Really good hands-on sourcers rarely try to create “perfect” search strings so that they would only show relevant results or would cover all of the relevant results. While it’s a nice search exercise, the truth is that it is quite often not possible and is not our goal. What matters is not the search string, but the “top” results that makes sense to look into further, and the top potential prospects to call on the phone.
What helps the sourcing productivity – big time! – is using parsing, filtering, and sorting within the results we get from general web searches (sometimes with the use of parsing tools).
I have been hesitating giving a webinar on MS Excel since I am not sure of a “sexy” title for it (let me know if you can come up with one 🙂 ), but I believe that Excel remains a must-use tool for any sourcer or recruiter. As with Google’s advanced operators, we can do most of useful work in Excel with just a few of its capabilities.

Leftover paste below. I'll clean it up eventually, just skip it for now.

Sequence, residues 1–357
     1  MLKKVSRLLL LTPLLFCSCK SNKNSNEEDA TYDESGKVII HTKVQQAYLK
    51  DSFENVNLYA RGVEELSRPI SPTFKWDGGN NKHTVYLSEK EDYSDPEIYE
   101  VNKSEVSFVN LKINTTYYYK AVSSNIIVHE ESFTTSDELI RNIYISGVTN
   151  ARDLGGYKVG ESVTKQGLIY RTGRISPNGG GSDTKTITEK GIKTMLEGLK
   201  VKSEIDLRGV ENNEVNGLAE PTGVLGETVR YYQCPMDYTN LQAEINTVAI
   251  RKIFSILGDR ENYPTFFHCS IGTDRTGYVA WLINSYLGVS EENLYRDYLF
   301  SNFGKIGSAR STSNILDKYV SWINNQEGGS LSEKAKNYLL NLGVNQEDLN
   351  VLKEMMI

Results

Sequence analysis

Let me list some here.
1) The Data menu has the Sort and the “Remove duplicates” (a.k.a. Advanced) functions available.
2) If you choose “Filter” you are able to pick only cells that have certain substrings in them.
3) There are two magic characters in Excel:
- * means “any number of characters”
- ? means “one character”
Example #1: filter a column in Excel with email addresses and select those ending in .?? – you will be getting mostly “international” email addresses such as ending in .uk, .au, etc.
Use ? or * in replace-all function to clean up your cells.
In the example above (that comes from using Outwit Hub along with LinkedIn) replace *key= by <empty string>, then replace &* by <empty string> to get a clean column of IDs.
I don’t know if its the sexiest word in the dictionary but “free” usually gets a big draw 😀
We should talk soon!